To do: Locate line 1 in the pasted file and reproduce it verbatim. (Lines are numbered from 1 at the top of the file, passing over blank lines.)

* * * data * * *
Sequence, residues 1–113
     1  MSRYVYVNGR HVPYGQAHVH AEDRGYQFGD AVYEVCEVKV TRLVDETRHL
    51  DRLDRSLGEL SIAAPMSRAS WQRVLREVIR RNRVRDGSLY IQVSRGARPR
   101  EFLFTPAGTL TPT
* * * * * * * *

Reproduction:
Sequence, residues 1–113